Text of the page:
“Sure, until tomorrow then.” The next day, I dragged my feet through the school day and when 3:05 hit on that Tuesday in January, I found Bea and we walked towards room 309. Mr. Kay’s room is, arguably, the coziest in the entire school. He has couches and blankets and tons of kids in there all the time. So when I walked in, I immediately felt loads better. After the first meeting, filled with ice-breakers, brainstorms, and talk of competition, I understood that poetry club was the place to be. There were times where I wasn’t sure of myself at all. I didn’t think I was as good of a writer or performer as everyone else. With encouragement, practice, and teamwork, I improved. In April of my freshmen year, with my best friend, Zoey Tweh, I wrote Corduroy. This piece pushed me beyond my boundaries. The piece was written from the perspective of a corduroy bear who loses his owner, Lisa, a little girl, to an incident of police brutality.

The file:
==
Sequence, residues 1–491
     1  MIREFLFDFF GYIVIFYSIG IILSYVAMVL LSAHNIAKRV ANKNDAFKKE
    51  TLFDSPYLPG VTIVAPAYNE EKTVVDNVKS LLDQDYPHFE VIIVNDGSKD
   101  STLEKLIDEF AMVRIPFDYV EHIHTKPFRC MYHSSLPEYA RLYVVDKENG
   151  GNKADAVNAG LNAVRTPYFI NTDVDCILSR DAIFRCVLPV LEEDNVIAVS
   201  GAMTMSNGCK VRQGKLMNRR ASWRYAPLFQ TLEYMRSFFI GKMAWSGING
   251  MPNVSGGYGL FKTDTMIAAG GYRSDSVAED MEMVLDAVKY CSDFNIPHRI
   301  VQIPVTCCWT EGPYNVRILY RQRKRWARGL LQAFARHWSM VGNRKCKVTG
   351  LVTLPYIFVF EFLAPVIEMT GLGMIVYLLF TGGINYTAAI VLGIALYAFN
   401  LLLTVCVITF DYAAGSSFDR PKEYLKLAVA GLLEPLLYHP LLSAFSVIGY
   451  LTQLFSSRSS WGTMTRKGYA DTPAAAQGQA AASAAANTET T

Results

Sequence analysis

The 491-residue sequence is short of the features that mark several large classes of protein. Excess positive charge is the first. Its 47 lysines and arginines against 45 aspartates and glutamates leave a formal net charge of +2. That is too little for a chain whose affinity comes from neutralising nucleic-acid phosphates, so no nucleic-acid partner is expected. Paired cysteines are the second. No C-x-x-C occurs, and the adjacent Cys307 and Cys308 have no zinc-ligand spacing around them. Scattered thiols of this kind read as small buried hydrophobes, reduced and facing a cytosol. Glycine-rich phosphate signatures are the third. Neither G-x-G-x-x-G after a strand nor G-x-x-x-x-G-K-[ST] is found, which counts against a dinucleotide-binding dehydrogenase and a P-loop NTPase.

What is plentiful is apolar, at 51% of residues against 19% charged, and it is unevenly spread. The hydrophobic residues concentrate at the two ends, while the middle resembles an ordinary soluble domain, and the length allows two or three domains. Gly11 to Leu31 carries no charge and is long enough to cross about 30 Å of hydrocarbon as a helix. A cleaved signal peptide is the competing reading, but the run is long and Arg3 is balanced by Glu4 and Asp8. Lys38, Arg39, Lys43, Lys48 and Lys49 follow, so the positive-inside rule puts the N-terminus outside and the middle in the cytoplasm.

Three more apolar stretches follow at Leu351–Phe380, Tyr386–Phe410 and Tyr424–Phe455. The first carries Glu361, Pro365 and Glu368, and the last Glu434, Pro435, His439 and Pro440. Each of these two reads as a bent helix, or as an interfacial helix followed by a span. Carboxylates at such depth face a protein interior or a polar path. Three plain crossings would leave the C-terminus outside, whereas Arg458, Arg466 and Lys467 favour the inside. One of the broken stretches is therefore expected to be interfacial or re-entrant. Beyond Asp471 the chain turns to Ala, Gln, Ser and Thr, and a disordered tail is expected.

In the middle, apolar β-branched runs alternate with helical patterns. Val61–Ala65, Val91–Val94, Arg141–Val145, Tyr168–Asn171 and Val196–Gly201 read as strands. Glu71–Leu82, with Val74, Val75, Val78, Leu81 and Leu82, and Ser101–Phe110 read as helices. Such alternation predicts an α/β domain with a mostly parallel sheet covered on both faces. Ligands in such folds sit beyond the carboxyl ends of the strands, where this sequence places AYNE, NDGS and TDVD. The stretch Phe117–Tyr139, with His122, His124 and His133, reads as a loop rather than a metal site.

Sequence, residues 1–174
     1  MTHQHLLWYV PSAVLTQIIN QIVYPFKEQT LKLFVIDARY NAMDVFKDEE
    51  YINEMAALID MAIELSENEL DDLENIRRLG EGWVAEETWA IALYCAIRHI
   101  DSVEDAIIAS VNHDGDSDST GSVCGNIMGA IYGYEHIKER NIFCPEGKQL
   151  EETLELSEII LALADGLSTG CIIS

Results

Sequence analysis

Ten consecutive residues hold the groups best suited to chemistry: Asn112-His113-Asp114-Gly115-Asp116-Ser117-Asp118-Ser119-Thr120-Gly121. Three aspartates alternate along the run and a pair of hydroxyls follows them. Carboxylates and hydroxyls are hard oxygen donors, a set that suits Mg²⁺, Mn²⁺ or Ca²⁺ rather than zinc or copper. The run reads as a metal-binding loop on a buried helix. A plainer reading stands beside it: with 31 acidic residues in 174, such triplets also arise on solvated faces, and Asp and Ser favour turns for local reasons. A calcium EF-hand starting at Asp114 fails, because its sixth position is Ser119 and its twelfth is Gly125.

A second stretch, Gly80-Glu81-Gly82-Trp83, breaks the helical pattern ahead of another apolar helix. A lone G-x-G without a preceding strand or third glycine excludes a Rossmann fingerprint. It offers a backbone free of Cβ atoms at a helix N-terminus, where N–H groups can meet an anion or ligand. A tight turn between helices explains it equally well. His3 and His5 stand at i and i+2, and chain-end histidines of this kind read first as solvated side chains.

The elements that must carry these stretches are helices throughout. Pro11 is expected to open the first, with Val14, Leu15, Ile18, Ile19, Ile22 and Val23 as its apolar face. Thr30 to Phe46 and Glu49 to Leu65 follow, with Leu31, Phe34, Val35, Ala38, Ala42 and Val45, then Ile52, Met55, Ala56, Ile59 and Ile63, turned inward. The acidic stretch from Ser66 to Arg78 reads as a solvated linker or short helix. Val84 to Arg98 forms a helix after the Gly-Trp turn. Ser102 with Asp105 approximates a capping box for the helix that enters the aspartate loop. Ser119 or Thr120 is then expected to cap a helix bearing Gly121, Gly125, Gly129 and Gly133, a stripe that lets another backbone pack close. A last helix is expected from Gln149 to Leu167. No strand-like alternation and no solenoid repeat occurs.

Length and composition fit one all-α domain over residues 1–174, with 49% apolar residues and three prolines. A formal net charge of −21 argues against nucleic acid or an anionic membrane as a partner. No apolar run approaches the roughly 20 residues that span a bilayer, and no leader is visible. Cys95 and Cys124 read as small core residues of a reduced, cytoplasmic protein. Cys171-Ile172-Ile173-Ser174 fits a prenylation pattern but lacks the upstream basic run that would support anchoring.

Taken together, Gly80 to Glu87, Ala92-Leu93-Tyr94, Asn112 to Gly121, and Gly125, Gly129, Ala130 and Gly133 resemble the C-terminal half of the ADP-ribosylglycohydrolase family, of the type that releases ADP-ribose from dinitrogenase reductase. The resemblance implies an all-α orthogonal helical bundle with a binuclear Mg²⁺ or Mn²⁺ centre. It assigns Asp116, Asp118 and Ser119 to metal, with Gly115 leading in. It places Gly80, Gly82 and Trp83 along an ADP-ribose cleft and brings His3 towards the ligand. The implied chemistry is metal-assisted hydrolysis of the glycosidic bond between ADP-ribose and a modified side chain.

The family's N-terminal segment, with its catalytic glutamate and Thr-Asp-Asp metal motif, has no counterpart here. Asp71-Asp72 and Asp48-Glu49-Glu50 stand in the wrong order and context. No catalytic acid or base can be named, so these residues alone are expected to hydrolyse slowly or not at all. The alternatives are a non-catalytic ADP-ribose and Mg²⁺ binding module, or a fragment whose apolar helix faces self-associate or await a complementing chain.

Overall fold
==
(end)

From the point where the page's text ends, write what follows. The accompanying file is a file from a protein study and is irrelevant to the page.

There are little girls like Lisa everywhere

In Philly

In Detroit

In the Southside of  Chicago

They are not America’s children

They trespassed in their own homes

Their melanin a badge of its own

A temptation for white men in blue uniforms to forget protocol

Their joy, their presence, their potential

Replaced with teddy bears like me

Yellow caution tape is just as common as jump ropes

They wrap around entire communities

until our breath buckles into submission


They have forgotten what it feels like to bury a child

To send their kids to school

praying that they will return home

To report them missing and never get an answer

To call the police and never receive justice

Because to have a black child is to be left in the dark

Avoiding the flashlights as best you can